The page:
In this view, the window is divided into three main panes. On the left-hand side is the text of the poem with buttons to navigate to sections (books in this case), either directly or sequentially. As you see, some of the text is blue and italicized, which indicates that there are variant readings of these words. When clicked, the apparatus populates the upper right quadrant of the reader. The conspectus codicum, or list of witnesses consulted, appears in the bottom right quadrant when the Witnesses tab at the top of the screen is selected. A nice feature of the apparatus pane is that the full citation for each witness is available by mousing over the text in that pane. The hand symbol next to some of the witnesses means that there is an external link to the library or institution that holds the manuscript, as well as a digitized image of the manuscript if one exists.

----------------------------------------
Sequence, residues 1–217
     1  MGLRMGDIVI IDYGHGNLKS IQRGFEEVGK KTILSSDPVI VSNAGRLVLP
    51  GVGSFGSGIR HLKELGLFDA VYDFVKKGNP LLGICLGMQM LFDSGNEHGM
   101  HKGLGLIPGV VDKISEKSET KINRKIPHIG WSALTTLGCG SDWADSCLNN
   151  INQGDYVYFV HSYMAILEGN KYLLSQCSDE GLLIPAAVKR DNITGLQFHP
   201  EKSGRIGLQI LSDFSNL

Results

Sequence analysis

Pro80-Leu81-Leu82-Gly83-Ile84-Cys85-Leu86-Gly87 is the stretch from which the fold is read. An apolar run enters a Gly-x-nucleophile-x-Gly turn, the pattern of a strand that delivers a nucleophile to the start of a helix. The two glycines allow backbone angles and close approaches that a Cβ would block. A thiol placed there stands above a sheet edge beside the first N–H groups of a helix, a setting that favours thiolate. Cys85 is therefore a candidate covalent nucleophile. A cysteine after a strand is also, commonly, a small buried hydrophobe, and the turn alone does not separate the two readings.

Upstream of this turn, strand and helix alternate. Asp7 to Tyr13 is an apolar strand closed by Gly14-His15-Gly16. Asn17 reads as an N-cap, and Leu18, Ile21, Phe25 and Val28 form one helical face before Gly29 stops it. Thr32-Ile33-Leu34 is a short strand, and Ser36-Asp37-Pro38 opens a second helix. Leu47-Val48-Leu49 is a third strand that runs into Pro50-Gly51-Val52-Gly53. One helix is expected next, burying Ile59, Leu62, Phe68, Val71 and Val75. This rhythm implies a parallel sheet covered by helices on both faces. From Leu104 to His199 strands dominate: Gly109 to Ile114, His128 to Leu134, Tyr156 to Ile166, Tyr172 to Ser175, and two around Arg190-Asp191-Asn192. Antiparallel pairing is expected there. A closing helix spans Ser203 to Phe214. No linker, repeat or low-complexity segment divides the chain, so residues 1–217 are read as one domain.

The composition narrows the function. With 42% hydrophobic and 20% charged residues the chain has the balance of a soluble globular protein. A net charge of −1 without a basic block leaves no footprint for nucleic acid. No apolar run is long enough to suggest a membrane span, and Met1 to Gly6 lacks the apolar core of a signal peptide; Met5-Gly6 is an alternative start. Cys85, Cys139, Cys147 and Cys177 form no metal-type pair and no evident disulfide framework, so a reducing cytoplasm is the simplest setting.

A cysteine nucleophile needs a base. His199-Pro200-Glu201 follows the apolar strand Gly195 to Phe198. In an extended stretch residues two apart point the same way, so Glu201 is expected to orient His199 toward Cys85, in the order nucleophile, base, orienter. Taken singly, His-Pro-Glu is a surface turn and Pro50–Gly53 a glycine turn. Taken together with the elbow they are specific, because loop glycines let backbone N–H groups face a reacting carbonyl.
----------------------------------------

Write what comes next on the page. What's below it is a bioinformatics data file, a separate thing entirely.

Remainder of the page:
Musisque Deoque also provides provides scansion for a number of poems in the collection that consist of dactylic verse. This is provided through an automatic process developed by sister project, Pede certo. The scansion is available by clicking the Metrical scansion button in the row of buttons above the poem. Clicking this button will open up a new window:
This display goes beyond marking the long and short syllables: it also marks the strong and weak caesurae, diaereses, and elisions. Theree is a summary of the dactyl and spondee pattern of each line to the right of the line. It provides the pattern for the first four feet, since dactylic hexameter tends to end each line with the predictable “shave and a haircut” rhythm, having a fifth foot that is usually a dactyl and the last that is generally a spondee or trochee.